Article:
• Directly employ subcontract labour – As with large material orders it is worth exploring the direct employment of any specialist Sub-Sub Contractors to free up the company to focus on its own direct works and gain greater control.
  • Escrow Account – The use of an escrow account to ensure any monies paid through our contract go to the right people and not to pay off other debts.

Immediately Following Failure

So all our endeavours have been fruitless and the Sub-Contractor has become insolvent.

  • Secure the site! – As a precaution it is always advised that the site be further secured on suspicion of insolvency to prevent any creditors of the Sub-Contractor from removing plant, machinery and materials from the project, which may not have been paid properly paid for.
  • Secure off-site – In line with the provisions mentioned previously ensure all off-site plant, equipment and materials are secured.
  • Balance the accounts – Ascertain the precise payment already made to the contractor and providing the adequate provisions are in place check whether you can avoid making any further payments to the Sub-Contractor through abatement. The Insolvency Rules allows any creditor who owes a debt to an insolvent company to set-off that debt in full as security against his own liquidated cross-claims in the insolvency.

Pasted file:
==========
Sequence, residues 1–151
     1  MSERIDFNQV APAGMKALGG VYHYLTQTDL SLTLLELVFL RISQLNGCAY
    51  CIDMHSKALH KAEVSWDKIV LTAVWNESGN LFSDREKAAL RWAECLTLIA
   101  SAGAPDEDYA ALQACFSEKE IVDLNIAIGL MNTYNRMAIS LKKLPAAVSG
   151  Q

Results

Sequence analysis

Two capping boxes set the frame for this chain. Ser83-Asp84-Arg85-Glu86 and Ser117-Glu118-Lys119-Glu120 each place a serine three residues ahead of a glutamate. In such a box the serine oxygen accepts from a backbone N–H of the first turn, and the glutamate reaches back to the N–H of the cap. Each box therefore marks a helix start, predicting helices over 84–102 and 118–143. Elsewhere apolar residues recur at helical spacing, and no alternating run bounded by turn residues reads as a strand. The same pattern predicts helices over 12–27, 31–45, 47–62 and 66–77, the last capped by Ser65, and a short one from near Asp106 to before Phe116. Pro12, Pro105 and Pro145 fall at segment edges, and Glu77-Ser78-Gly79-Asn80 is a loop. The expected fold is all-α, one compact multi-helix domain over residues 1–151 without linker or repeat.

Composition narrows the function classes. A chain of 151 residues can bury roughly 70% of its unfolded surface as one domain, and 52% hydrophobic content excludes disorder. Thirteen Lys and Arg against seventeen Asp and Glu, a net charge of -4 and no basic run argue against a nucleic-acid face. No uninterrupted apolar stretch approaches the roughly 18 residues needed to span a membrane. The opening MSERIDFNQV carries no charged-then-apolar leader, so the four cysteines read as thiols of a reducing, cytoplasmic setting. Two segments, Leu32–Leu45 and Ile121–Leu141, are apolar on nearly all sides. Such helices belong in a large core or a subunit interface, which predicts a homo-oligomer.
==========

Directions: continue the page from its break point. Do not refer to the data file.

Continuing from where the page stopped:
• Engage with insolvency practitioners – Before giving notice to terminate the Sub-Contract, consider discussing the options available with the Insolvency Practitioner (IP).       Depending whether the IP is a liquidator or an administrator it is normally quite straightforward to determine whether they are intending to continue trading.

Some may consider it mutually beneficial to complete the works, although this is generally only practical when little work remains, as future defects liability remaining with an insolvent contractor are a risk. Also, exercise caution when reaching any settlement with IPs as pre-insolvency and post-insolvency debts cannot be set off against each other.

  • Termination of contract – Ensure the correct notices are issued dutifully in line with the contract terms. Also ensure you have a comprehensive and fully documented a schedule of defects and outstanding works at the date of termination.
  • Call Bonds – Calls should be made on any bonds available prior to the date on which the right to call expires.

Conclusion

Insolvency is an unfortunate and unpleasant fact within the construction industry.

Putting adequate mechanisms in place for assessing, reviewing and managing the risks early is essential, together with constant monitoring throughout the lifetime of the project if we are to act swiftly and decisively.

 

Ian Graham